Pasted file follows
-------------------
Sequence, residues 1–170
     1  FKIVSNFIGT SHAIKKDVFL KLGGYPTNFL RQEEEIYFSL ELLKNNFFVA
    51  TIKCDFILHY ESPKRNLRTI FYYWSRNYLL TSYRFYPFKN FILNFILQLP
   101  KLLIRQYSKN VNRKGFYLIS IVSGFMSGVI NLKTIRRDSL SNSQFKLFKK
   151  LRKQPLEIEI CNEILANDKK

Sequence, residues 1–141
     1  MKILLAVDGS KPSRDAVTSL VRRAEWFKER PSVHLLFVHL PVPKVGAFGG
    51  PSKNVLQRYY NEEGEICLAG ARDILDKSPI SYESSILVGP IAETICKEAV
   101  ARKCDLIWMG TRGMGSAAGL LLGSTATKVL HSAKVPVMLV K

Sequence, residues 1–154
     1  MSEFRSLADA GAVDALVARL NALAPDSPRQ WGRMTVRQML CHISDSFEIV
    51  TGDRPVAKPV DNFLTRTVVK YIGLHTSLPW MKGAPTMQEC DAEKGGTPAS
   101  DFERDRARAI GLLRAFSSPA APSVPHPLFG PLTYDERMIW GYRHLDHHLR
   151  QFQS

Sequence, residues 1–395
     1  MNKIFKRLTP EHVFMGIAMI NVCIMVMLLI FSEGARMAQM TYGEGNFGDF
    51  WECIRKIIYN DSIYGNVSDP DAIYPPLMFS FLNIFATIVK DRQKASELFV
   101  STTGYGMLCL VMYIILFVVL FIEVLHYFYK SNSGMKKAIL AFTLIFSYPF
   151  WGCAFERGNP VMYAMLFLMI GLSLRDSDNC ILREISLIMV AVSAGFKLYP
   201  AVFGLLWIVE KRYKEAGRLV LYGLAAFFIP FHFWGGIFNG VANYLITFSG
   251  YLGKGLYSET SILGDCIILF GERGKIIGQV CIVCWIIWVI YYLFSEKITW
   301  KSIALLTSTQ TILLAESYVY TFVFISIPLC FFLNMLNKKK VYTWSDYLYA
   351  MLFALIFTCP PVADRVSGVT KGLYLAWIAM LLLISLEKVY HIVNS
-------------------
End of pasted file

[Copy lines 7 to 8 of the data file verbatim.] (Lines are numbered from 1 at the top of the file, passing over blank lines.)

     1  MKILLAVDGS KPSRDAVTSL VRRAEWFKER PSVHLLFVHL PVPKVGAFGG
    51  PSKNVLQRYY NEEGEICLAG ARDILDKSPI SYESSILVGP IAETICKEAV